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Showing posts from August 1, 2016

All the things that went wrong for Uber in China

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[Dirtiest-playing corporation meets dirtiest-playing government! :-) Boo-hoo for Uber - not. *RON*]

By Heather Timmons, Quartz, 1 August 2016
After burning through billions of dollars in China, Uber is planning to sell its business there to its archrival Didi Chuxing.

The sale follows years of brutal fighting between the two companies in China that went beyond just tough competition, and included look-alike logos, government involvement, and even the blackout of Uber’s name from the country’s most popular messaging app.

While Uber started in China in 2014, the company built up a following by introducing peer-to-peer ride-hailing before anyone else, and investing in second- and third-tier cities. It also attracted investment from Baidu, the country’s largest search engine.

But, as Quartz wrote in 2014, it might have already been too late, because China was awash in popular local taxi apps. The two largest had some hometown advantages:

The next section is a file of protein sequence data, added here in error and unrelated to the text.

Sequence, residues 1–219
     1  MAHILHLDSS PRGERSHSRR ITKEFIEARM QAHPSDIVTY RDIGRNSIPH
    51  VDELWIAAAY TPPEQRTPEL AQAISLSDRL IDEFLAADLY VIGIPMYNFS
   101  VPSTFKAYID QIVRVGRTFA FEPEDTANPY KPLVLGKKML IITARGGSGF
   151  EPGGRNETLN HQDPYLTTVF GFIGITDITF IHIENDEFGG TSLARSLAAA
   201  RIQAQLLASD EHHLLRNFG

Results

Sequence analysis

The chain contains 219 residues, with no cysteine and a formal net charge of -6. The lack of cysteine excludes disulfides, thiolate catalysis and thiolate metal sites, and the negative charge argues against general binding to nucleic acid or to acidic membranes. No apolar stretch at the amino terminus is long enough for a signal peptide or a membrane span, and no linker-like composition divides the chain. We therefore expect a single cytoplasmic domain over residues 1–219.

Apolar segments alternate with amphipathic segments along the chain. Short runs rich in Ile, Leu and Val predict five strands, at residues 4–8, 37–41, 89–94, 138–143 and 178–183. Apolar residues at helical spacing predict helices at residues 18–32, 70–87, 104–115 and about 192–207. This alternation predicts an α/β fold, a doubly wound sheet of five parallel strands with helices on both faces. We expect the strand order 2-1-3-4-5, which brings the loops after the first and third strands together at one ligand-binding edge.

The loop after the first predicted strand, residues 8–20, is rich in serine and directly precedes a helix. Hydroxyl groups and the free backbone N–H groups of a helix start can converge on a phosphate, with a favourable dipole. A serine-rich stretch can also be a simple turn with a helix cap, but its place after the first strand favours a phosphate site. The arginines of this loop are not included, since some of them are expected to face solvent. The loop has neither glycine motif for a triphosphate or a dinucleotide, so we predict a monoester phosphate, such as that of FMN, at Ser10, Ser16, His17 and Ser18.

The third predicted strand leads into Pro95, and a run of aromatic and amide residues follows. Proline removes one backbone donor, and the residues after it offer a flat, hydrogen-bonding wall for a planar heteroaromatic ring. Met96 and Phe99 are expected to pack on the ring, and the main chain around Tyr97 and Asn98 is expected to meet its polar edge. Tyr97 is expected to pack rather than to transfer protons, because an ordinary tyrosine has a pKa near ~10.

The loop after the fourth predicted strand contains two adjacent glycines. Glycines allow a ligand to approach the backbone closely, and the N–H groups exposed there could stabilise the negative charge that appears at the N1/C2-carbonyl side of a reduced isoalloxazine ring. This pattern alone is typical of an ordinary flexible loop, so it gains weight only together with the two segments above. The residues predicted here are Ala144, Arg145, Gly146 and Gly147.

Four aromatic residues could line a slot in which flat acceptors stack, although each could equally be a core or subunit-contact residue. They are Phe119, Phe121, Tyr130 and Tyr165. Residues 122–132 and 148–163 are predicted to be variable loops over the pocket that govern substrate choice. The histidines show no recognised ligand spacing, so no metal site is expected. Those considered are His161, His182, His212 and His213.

False Flags Fluttering in the Empire's Hot Air

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[Terrorism, Black Lives Matter and The 1%. He clearly overstates his case, but by how much, exactly? Hard to say. The main reason I won't go as far as him is that I don't believe the overlords are smart enough to successfully pull off anything this thoughtful and complex. *RON*]
The Saker, The Unz Review, 29 July 2016
When I think of the recent developments in the USA (Dallas shooting, Orlando shooting) and Europe (Nice, murdered priest, Germany shooting) I get this unpleasant feeling that something is not quite right. For one thing, the perpetrators are absolutely ridiculous: pseudo-Muslims who turn out to be drinking homosexuals, ex-patients of mental institutions – the kind of people I call “overnight Muslims”: they all make darn sure to say Allahu Akbar a number of times, but other than that, they have no sign of Islam at all. In fact, far from being trained Daesh fighters, they are all losers with weak personalities. Exactly the kind…